According to a Gigaom "exclusive," Motorola Mobility was in talks with Microsoft, as well as other parties, to discuss acquisition. Their sources tell them that Microsoft was primarily interested in Motorola's 17,000 patents and 7,500 patent applications, which would have have become a WMD of sorts against Google. Acting in self-defense, Google moved about 5 weeks ago, opening talks of their own with MM, which included CEO Larry Page and Motorola CEO Sanjay Jha, though more recently, Android co-founder Andy Rubin was brought into the mix. Allegedly, Motorola preferred a deal with Google because Microsoft was only in it for the patents, and no the hardware manufacturing. The result, Google's $12.5 billion payout or a 63% premium over previous stock estimates of Moto. Good deal?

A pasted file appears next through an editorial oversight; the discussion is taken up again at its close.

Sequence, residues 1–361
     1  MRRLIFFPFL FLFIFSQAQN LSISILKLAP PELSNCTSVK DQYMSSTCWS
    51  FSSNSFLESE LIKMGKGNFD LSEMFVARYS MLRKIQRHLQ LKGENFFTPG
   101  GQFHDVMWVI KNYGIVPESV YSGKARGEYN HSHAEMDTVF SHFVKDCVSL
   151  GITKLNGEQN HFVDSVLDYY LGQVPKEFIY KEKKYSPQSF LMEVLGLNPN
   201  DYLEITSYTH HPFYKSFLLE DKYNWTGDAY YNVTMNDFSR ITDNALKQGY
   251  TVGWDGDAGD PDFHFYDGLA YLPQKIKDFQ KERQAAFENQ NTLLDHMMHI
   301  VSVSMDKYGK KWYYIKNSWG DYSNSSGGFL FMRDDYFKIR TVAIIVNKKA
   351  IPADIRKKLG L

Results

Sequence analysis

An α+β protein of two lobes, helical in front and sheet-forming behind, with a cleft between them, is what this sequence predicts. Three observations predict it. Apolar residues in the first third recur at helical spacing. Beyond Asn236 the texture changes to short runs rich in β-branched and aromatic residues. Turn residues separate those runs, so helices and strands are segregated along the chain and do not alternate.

If these claims are accurate, it is the next giant step in a patent war that's been brewing between Google and Microsoft for a while now. It is also a possible sign of the decline of Android and the rise of Windows Phone 7. Google now owns one of the many companies that use its Android platform, and has become a competitor to itself. Google's new position as a player in the manufacturing game could drive other companies away from Android and into the arms of another operating system, say, perhaps Windows Phone. Throw Microsoft's deal with Nokia, and now you have what could be a huge boost for WP7.
While this has the potential to be exciting for those of us who would like to see Windows Phone flourish, the situation is, sadly, one more example of how patents are being used to crush competition, rather than to bolster innovation.